Saturday 3 September 2016

GDS, the data centre for government

"The Government Digital Service [GDS] is the digital, technology and data centre for government ... Over the next 5 years, together with departments, we will be building new digital, technology and data platforms for the whole of government ... We will make better use of data to drive continuous improvement, ensure government has the right technology and that spending is controlled".

That's what it says in the job description for a new head of service design required at GDS. You've got until 13 September 2016 to apply.

And that's not the only job available. GDS, the "data centre for government", also want data scientists to build new "data platforms for the whole of government" and to make "better use of data".

Some time in 2013, it's hard to establish when, GDS and Warwickshire County Council investigated the question of Interoperability between central and local government identity assurance schemes. The project was "conceived by Warwickshire County Council, a medium-sized local authority, and involved the participation of the Government Digital Service (GDS), a team within the UK Government’s Cabinet Office tasked with transforming government digital services, and three Identity Providers – Mydex, PayPal and Verizon".

Three years later, Mydex is no longer an "identity provider". Neither is PayPal. Nor is Verizon.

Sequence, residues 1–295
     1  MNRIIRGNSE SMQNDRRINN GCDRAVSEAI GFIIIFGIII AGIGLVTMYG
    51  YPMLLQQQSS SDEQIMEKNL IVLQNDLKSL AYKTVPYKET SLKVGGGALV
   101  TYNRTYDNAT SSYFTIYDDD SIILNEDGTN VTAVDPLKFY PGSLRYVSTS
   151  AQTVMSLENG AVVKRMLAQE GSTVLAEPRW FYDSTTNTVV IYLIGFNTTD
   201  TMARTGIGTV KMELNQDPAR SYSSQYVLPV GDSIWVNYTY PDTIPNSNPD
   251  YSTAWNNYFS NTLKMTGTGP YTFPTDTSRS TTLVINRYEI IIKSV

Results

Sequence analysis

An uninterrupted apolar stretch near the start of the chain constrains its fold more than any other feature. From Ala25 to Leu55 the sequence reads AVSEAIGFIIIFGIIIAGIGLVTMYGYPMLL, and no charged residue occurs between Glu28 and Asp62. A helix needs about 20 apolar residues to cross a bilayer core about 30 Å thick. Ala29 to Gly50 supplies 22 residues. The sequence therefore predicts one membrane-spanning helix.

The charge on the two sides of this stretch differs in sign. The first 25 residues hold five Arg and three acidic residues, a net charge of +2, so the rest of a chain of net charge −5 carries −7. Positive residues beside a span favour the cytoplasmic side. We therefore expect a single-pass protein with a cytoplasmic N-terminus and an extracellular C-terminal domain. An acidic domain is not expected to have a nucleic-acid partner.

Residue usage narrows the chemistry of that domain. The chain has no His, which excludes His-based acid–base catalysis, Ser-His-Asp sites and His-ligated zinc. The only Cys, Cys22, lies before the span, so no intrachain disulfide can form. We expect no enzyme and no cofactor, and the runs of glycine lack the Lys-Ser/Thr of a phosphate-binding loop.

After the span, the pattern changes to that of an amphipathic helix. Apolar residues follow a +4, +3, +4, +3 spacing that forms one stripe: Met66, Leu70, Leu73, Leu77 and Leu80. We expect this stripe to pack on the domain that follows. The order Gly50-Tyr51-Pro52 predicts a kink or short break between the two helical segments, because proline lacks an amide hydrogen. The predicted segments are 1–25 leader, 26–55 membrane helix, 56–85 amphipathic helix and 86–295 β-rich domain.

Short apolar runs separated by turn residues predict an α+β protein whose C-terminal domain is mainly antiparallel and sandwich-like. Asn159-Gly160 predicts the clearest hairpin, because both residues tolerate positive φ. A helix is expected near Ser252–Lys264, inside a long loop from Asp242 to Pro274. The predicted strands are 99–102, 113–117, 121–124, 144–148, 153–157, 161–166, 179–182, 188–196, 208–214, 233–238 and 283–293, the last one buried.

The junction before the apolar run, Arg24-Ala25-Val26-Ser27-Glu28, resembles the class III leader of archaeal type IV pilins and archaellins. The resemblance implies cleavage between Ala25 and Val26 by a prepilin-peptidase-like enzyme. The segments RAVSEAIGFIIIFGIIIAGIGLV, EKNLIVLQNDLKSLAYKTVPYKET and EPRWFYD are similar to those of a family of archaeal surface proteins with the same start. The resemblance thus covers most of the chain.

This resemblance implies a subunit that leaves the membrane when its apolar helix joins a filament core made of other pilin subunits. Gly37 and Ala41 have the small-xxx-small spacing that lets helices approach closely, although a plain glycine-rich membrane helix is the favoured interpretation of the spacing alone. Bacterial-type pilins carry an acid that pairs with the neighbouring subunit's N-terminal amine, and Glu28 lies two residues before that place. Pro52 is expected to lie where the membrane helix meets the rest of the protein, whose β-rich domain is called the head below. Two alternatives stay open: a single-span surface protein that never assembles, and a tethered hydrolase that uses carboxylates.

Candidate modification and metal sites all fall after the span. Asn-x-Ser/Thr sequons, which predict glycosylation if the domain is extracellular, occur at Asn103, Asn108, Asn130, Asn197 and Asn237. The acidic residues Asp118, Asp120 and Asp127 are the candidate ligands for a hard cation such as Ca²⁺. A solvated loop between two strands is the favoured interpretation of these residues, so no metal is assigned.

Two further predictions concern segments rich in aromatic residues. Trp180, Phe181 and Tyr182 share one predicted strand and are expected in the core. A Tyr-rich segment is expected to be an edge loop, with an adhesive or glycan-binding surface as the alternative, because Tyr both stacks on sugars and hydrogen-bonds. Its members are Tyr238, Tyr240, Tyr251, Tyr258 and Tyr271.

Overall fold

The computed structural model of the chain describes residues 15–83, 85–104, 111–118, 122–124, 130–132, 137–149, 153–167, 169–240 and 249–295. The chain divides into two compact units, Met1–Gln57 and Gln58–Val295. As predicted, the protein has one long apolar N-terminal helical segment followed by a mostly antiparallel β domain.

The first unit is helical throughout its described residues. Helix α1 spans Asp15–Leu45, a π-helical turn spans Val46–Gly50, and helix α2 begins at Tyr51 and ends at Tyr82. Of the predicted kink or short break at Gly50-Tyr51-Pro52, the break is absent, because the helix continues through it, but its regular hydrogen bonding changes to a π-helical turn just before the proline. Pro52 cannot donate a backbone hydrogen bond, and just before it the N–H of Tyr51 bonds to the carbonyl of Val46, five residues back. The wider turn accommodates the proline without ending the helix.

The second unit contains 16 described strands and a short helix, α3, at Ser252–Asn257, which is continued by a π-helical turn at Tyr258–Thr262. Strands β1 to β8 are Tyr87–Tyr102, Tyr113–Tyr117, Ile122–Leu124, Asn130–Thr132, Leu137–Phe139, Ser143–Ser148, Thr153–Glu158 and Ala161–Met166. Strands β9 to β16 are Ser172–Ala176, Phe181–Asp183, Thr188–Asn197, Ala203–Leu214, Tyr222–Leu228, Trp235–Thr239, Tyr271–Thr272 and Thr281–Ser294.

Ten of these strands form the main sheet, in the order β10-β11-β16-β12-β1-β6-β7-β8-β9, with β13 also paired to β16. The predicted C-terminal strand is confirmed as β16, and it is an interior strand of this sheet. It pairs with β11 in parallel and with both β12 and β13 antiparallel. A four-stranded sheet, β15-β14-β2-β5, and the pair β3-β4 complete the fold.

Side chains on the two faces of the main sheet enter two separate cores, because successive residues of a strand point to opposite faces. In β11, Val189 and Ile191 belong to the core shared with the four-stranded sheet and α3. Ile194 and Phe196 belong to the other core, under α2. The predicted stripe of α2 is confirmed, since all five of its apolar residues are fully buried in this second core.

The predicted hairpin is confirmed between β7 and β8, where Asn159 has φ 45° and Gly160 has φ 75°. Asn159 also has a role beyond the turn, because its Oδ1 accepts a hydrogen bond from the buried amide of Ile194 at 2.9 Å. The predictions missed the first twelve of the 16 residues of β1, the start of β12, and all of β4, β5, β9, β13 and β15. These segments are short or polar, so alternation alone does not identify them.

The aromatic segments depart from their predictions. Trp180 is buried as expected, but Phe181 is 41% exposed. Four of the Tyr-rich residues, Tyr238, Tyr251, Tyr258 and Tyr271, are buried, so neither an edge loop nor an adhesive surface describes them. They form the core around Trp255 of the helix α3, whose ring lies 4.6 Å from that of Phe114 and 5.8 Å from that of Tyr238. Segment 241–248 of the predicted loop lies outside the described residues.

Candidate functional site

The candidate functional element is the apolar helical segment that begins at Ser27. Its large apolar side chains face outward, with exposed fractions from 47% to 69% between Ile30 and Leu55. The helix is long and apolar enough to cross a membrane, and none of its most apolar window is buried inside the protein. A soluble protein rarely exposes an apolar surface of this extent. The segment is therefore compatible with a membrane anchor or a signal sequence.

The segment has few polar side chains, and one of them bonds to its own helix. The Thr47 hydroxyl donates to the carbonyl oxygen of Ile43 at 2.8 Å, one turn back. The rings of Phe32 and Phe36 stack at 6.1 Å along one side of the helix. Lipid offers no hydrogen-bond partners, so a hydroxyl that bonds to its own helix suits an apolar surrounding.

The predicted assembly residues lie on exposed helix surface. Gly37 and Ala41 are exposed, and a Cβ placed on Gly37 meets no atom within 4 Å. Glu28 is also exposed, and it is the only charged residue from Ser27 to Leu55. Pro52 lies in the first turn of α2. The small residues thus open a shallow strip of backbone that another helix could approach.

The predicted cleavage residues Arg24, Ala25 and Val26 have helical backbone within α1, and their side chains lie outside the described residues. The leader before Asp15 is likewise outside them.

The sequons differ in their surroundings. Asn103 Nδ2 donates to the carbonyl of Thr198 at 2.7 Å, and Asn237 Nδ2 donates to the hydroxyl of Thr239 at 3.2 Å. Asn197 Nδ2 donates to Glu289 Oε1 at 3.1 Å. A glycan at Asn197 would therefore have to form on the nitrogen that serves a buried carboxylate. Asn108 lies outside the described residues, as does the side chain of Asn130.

One of their findings back then, under the heading Use of a Social Media ID (p.12), was that "most users would be very reluctant to use their social media accounts with a government site, the prevailing view being that their social life is distinctly separate to doing 'business' with government. The issue of privacy and the feeling that government would be able to 'see my social life', or that government transactions would appear in their social media profiles, was of concern. That said, some users saw the benefit in forms being pre-filled with details held within their social media account".

How did GDS come to this important conclusion?

Answer, the data centre for government asked five people: "User experience testing was performed in a laboratory environment and involved 5 users on a one-to-one basis with an experienced research facilitator provided by GDS".

Now roll forward three years. GOV.UK Verify (RIP) wasn't meant to go live until it could verify-the-identity-and-therefore-register at least 90% of applicants. The registration rate remains stubbornly below that figure at about 70%. Despite that huge disparity, the data centre for government which is supposed to use data to drive continuous improvement declared GOV.UK Verify (RIP) to be live in May 2016.

In order to improve the registration rate, GDS continue to give the remaining "identity providers" access to more and more of your personal information.